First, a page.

A couple nights ago I had a dream, one I can’t quite shake. I don’t often think about V; I dream about him even more rarely. I don’t remember the beginning of the dream, but I remember him in bed with H and I. We were all naked, but V was separate from H & I. H was touching me and kissing me, but I wasn’t into it. I kept looking at V and wanting him; I didn’t understand why he wasn’t involved, why he wasn’t touching me. I dissociated from what H was doing and was completely focused on V. After a few minutes H stopped and I went to V. He had gotten up from the bed, so I followed. 


This is where the dream became so vivid it takes my breath away just thinking about it as I type. V looked at me, and I saw everything his eyes held back when I was sixteen and he was twenty four. I could see the affection he had for me, I could see his desire, and so much more in his eyes as he looked at me. I saw a future that I desperately want, filled with love, family, children. After an instant and an eternity of V looking down at me like that, he opened his arms and I wrapped myself in his embrace. I could feel his body against me, I felt the way we fit together. Its been over six years since last I touched him, and yet I had him in my arms once again in that damn dream.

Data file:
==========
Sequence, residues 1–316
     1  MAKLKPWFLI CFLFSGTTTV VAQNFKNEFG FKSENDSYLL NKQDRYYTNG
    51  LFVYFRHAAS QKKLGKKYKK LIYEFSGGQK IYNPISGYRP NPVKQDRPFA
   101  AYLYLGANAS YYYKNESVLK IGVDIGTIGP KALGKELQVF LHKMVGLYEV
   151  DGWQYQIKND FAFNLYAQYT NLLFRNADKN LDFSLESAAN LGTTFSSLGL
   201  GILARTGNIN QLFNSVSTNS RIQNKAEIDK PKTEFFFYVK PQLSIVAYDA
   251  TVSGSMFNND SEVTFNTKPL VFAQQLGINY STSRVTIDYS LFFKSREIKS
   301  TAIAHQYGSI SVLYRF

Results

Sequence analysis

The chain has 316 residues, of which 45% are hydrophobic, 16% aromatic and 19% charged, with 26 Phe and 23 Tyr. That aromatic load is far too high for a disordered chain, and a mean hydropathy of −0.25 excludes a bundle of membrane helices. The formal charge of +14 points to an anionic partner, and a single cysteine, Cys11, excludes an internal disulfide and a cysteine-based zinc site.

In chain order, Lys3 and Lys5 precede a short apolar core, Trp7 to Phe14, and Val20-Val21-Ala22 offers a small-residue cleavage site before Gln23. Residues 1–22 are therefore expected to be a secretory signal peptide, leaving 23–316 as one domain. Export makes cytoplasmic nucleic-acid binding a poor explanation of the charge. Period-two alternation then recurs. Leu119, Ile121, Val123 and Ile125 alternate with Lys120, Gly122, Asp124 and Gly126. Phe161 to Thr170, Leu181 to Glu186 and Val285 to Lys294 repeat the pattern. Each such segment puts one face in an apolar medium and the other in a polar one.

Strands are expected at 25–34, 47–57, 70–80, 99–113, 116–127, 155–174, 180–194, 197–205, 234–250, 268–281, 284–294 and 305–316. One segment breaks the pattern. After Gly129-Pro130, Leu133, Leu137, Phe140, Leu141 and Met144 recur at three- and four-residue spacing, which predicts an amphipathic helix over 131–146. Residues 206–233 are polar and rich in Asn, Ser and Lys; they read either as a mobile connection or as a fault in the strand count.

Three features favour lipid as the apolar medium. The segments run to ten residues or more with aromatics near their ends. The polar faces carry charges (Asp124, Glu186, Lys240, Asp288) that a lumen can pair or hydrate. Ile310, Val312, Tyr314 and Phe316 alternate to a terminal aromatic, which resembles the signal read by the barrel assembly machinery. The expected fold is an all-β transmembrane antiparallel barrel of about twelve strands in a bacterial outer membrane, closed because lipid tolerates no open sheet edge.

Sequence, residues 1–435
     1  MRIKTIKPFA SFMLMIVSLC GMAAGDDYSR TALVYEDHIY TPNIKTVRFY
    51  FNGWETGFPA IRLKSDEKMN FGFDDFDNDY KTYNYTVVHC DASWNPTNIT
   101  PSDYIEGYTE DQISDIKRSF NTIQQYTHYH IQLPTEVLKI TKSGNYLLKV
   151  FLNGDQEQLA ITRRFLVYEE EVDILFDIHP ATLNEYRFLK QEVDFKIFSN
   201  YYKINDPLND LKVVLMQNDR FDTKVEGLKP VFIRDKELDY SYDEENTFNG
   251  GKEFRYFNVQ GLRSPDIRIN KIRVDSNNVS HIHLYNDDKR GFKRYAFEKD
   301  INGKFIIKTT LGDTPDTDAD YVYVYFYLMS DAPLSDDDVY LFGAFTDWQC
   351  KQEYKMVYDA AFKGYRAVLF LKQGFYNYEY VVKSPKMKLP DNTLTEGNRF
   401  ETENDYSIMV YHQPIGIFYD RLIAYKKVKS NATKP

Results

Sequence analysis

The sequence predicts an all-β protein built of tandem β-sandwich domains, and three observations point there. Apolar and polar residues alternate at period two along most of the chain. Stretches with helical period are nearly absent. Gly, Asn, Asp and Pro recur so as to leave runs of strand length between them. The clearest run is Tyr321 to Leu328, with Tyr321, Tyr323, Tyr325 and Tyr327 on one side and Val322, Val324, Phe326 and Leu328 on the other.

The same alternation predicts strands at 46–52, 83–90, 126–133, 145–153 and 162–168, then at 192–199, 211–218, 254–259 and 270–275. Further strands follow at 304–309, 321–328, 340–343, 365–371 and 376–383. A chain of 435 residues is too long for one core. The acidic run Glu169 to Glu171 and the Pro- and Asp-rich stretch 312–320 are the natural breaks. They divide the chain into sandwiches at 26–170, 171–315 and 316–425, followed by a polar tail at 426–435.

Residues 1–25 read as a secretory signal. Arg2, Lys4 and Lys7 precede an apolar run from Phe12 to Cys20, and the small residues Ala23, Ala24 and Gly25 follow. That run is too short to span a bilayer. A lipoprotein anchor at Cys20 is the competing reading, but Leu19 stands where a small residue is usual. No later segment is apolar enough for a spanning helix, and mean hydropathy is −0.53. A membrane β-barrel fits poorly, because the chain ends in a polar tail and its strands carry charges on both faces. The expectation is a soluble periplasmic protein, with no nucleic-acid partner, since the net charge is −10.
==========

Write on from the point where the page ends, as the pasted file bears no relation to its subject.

As soon as I looked into V’s eyes, it was as if H didn’t exist. V kissed me, and his lips were air to my drowning soul. I felt so strong, beautiful, safe and loved. All of my self-doubt, self-hatred, all of my complicated feelings and worries were just gone. In V’s arms I felt worshiped. More than that even, I felt understood completely. It’s difficult to convey adequately what his touch inspired in me, but it was everything I’ve ever wanted to feel. There was no rush; we took our time, we connected. The entire time H was nowhere to be seen. I trusted V with all that I am. Much as I’m not a fan of the phrase, we made love. After, H reappeared in my dream, but he was the 3rd wheel rather than my partner and my husband. V held me and whispered, “I love you.”